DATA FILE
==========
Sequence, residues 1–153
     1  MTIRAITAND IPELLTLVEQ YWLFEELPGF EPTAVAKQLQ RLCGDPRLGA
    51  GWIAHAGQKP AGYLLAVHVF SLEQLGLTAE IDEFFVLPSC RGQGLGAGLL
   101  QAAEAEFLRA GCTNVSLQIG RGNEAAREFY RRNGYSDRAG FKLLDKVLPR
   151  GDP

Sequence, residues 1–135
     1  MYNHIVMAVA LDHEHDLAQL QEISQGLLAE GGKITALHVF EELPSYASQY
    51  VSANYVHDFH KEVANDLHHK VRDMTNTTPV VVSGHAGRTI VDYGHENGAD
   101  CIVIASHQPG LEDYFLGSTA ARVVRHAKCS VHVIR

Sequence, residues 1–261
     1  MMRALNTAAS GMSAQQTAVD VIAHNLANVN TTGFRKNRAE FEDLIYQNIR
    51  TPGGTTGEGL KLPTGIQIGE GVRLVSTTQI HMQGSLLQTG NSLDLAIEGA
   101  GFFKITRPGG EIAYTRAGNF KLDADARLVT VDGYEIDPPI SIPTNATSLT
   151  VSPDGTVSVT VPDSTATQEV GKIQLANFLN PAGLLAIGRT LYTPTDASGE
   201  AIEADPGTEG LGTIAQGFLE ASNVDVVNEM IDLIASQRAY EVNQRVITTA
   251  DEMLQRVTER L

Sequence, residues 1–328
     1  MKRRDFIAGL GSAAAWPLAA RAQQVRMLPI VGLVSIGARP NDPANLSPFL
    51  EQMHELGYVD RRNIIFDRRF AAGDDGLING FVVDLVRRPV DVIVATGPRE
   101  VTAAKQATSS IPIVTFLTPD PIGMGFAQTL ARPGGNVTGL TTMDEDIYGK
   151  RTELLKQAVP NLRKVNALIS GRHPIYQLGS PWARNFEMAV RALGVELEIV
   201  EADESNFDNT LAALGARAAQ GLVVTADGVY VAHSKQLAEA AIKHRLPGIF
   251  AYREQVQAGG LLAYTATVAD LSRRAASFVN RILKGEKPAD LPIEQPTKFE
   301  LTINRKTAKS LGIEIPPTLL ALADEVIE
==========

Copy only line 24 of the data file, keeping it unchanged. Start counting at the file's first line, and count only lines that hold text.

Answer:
   301  LTINRKTAKS LGIEIPPTLL ALADEVIE